I recently had a client that was selling their home and purchasing a larger one to accommodate their growing family. Unfortunately, the pre-approval from the buyer was from an out of state lender who was unfamiliar with the local condominium market. The result was an unqualified buyer! So what should you do when selling a home is this hot market?
1 – Don’t accept the highest price offer without asking the right questions. For example:
- How strong is the buyer’s financing approval? Even the buyer claims to be “pre-approved”, the deal may fall through because of financing conditions unrelated to the property itself.
- Is the buyer willing to waive the financing contingency? The buyer may be able to make the offer contingent on an appraisal, title, and other property-specific items instead of the much broader financing contingency found in most purchase agreements. This way, you know the lender has already fully approved the buyer’s credit report, income documentation, and asset documentation.
- What will the buyer do if the appraisal doesn’t come in at value? This brings us to the second point:
2 – Be prepared for a disappointing appraised value. Appraisers are required by law to use the most recent comparable sales when determining the appraised value of your home. In a hot market, the most recent comparable sale may be for a price that’s less than the price at which you’re selling your home. This means that the buyer needs to be prepared to either: (1) come up with a larger down payment to make up the difference; or (2) choose a different loan program that allows a high loan-to-value (LTV) ratio. These can include loan programs with mortgage insurance.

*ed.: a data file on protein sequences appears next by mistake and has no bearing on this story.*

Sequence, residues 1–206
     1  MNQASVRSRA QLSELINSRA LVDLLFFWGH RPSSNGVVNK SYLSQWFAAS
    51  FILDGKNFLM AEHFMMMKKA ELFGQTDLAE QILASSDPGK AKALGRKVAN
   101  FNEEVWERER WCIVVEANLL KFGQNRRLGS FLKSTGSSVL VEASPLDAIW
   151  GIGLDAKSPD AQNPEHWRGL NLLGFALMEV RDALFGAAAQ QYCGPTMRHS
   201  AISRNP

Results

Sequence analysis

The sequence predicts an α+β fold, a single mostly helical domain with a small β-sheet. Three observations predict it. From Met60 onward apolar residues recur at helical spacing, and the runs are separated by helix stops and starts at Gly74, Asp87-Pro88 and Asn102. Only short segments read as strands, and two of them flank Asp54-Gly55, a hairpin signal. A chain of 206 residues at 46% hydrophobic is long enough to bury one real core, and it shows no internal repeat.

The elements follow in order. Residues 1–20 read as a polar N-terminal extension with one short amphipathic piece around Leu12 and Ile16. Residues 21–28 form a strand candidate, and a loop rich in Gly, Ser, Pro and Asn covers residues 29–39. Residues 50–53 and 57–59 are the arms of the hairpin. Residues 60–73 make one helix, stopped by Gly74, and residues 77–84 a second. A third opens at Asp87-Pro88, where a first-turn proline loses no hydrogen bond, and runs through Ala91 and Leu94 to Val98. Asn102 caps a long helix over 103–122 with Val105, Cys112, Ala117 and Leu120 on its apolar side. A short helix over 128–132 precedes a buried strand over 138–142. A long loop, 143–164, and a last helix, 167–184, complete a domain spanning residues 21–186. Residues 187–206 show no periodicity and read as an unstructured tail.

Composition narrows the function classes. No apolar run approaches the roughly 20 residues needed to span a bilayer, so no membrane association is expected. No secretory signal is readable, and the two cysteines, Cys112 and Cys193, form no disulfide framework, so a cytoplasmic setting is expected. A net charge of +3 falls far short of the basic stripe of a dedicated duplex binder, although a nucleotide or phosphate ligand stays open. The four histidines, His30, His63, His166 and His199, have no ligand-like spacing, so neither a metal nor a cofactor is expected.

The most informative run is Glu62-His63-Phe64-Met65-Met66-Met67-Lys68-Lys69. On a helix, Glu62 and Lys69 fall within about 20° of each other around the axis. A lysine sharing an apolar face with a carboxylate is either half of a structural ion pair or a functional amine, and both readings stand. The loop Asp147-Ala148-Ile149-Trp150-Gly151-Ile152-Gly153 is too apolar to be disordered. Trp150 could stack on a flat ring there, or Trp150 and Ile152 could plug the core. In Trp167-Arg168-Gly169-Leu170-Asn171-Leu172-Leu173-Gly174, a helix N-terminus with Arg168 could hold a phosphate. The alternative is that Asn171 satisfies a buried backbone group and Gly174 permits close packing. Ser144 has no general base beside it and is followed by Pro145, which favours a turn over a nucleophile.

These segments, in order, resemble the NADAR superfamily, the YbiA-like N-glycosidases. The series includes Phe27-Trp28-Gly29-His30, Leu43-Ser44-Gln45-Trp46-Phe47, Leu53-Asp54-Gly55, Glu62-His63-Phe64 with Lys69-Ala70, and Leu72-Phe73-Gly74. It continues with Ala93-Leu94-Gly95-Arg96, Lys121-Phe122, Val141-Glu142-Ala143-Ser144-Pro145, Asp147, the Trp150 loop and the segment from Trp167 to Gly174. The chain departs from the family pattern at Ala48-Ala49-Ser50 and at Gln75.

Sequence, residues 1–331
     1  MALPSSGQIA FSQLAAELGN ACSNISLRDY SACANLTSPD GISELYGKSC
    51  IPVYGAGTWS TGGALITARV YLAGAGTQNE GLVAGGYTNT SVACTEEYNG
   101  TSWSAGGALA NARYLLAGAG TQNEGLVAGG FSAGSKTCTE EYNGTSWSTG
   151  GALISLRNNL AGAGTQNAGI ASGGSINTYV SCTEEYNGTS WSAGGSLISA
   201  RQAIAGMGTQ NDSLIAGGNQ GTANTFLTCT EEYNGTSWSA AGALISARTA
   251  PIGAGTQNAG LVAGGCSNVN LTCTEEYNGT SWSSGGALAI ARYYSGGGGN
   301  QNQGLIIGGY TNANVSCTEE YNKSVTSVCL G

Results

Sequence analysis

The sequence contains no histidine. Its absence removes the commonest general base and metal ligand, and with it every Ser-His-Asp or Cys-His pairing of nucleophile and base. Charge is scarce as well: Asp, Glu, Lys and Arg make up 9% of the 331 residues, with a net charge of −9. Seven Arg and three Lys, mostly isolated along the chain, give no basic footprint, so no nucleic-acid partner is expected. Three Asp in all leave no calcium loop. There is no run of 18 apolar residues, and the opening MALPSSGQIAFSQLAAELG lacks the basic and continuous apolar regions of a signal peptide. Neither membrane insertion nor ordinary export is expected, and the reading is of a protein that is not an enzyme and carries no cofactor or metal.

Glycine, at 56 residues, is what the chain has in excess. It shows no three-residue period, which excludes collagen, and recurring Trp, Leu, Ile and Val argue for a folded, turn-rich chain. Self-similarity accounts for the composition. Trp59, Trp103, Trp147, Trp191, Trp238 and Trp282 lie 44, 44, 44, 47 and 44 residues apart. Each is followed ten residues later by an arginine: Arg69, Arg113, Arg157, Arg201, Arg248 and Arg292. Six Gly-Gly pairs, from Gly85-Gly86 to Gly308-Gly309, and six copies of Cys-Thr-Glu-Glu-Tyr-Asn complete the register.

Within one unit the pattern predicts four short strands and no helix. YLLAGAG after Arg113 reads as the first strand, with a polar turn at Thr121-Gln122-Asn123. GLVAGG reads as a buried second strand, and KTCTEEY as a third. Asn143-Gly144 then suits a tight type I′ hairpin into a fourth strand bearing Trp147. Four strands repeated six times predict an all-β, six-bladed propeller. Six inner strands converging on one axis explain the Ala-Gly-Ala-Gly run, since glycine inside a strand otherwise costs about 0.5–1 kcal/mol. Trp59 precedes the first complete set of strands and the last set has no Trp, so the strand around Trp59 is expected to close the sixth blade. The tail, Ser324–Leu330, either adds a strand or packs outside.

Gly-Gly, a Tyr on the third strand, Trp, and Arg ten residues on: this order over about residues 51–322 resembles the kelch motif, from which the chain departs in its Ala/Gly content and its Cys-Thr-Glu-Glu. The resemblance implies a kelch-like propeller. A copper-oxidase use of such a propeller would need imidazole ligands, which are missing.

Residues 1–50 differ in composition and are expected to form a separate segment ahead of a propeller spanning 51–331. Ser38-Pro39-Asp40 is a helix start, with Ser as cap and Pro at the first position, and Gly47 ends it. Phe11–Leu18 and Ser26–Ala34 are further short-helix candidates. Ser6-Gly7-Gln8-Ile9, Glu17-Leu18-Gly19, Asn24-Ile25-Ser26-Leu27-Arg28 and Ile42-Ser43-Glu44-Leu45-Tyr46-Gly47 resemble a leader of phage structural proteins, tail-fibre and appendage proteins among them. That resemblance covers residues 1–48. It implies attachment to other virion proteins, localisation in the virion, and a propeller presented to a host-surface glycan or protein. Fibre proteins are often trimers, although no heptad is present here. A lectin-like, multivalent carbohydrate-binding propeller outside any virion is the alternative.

3 – Don’t be turned off by a buyer who has a small down payment. While cash buyers are typically able to move quickly, buyers who use financing may be able to offer you a higher price. You can have your cake (higher price) and eat it too (close the deal in a reasonable timeframe) as long as you make sure that you’re dealing with a strong buyer. If you’re not confident with the buyer’s lender, or if you don’t trust their “pre-approval”, you may want to ask them to apply with a lender you trust. Although you can’t require the buyer to use your preferred lender, you can certainly ask them to do so.
About the Author
David Reznikow is a loan officer at Fairway Independent Mortgage. A Brookline native and BHS graduate, Reznikow is currently a Newton resident but has remained part of the Brookline community. As a Brookline Chamber of Commerce Director and business member Reznikow has had the opportunity to add to the vibrancy and diversity of the business community while helping to raise funds for local charitable organizations through many Chamber initiatives. Both Reznikow’s parents have businesses in Brookline, still live in the home where they raised three children, and can often be found playing with their grandson, Cameron, at Dean Park